Breaking Bad’s racial politics by Todd Van Der Werff:
This pattern repeats throughout the series: Walter steps in with his justifications for his actions, only to have someone else point out how ridiculous he sounds. When that happens, he escalates the situation even further, simply because he can’t handle being exposed for who he truly is. If those other antihero shows played off the thrill that results from being able to do anything or take whatever one wants, then “Breaking Bad” is increasingly about how unpleasant that actually is in real life.
Emily Nussbaum: Last Night’s mind-bending phone call on Breaking Bad:
But what was truly fascinating about that phone call was that if it was trolling the Bad Fan, it was also trolling me: the sort of feminist-minded sucker who took the speech at face value, for nearly an hour, until I suddenly realized, in a flash of clarity, that it was a fake-out for the police. (Skyler realized long before I did.) Once my analytical skills flared back into being, I was stunned by the moment’s effectiveness. I mean, on one level, that speech was just what it looked like: Walt venting every toxic feeling he’d ever had about his wife. On another level, it was the opposite: it was Walt pretending to be an abusive husband, as a gift to Skyler. It was an apology to her, as well as an attempt to get her off the hook legally, to honor Holly saying “Mama.” Walt’s language was pretty much a PowerPoint presentation of abuser behavior, designed to make Skyler’s case in court proceedings. And yet it still had the sting of catharsis, letting Walt say what he felt: that Skyler is a whiner, a nag, a drag, responsible for anything that happened to her. Like the Bad Fans who roam the Internet (and even some Good Fans, who can make a more reasonable case for disliking Skyler), he relishes calling her a bitch.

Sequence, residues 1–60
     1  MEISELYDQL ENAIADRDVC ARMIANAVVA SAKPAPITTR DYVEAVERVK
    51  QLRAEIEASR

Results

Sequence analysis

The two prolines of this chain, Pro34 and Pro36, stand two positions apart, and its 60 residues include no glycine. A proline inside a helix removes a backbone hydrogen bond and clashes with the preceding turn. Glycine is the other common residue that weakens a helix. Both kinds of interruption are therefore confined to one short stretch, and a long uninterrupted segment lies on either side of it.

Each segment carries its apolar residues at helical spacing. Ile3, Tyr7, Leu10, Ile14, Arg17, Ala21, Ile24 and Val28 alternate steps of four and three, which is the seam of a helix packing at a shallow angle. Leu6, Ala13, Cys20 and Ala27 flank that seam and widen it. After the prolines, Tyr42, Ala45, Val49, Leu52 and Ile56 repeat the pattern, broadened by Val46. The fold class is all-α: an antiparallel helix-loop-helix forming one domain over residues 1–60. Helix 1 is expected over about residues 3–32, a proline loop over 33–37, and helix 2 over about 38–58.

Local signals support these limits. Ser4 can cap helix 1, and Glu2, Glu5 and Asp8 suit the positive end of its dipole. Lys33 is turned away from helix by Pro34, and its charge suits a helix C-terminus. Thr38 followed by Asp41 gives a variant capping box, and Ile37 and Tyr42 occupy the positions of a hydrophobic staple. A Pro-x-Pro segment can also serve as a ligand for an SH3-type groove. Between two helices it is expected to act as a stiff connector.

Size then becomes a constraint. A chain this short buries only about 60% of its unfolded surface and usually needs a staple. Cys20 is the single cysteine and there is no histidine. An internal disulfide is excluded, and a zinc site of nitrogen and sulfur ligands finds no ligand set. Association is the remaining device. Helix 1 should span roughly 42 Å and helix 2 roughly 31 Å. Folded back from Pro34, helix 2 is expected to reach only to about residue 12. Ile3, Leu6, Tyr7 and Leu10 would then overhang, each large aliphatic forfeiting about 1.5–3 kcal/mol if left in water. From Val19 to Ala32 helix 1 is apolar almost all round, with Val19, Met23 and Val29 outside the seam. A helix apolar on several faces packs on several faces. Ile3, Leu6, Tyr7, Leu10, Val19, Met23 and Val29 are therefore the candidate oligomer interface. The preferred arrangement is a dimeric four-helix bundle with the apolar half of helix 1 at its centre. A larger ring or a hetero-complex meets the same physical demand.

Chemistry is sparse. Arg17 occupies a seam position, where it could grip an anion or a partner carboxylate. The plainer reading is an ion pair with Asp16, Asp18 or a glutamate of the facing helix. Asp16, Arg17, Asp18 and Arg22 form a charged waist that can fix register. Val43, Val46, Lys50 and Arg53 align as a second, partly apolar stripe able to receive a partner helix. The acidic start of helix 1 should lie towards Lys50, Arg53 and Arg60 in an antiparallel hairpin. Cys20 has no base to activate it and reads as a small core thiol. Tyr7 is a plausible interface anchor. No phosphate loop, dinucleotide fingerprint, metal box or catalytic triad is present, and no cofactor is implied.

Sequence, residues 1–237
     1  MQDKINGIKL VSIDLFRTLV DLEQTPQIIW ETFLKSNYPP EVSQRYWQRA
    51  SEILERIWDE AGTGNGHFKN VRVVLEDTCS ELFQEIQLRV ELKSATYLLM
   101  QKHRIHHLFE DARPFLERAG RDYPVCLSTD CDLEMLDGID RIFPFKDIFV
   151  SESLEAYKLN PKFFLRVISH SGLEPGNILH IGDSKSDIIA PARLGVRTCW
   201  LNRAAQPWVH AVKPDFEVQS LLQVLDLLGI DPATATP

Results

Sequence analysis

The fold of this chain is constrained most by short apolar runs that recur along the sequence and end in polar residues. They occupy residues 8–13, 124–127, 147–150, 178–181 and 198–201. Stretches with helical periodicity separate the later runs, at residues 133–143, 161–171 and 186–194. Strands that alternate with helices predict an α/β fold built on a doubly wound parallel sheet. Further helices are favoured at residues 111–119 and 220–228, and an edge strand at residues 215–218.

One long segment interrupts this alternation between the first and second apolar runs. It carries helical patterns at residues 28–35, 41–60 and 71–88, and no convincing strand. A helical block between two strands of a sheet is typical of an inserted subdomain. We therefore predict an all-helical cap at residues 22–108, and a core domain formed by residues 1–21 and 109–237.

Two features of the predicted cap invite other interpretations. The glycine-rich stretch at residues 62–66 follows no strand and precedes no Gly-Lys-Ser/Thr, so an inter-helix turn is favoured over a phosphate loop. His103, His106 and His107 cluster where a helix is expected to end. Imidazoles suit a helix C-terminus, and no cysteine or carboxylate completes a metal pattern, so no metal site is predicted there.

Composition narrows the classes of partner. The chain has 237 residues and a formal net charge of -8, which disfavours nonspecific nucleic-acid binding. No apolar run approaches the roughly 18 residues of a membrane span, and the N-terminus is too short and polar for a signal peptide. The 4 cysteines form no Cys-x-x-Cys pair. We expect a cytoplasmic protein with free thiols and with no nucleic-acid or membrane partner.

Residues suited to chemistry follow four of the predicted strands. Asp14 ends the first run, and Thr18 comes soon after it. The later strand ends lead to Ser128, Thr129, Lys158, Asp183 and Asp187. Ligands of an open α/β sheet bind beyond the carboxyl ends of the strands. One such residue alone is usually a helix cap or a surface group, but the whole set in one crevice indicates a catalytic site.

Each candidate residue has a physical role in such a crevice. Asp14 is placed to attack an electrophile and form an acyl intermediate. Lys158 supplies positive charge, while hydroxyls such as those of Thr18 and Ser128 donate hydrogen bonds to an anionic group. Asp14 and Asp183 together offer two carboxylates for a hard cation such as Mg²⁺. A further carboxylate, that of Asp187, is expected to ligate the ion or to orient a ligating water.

The sunsets are rosy, or blood orange, or sometimes a shocking lavender; the night is pitch black, punctuated only by Cassiopeia. This palpable strangeness, the juxtaposition of extreme mountainous beauty with a noir, dull flatness, is always the big surprise to newcomers. Upon arriving in Taos, all Georgia O’Keeffe could think to say was, “Well, well well … no one told me it was like this.”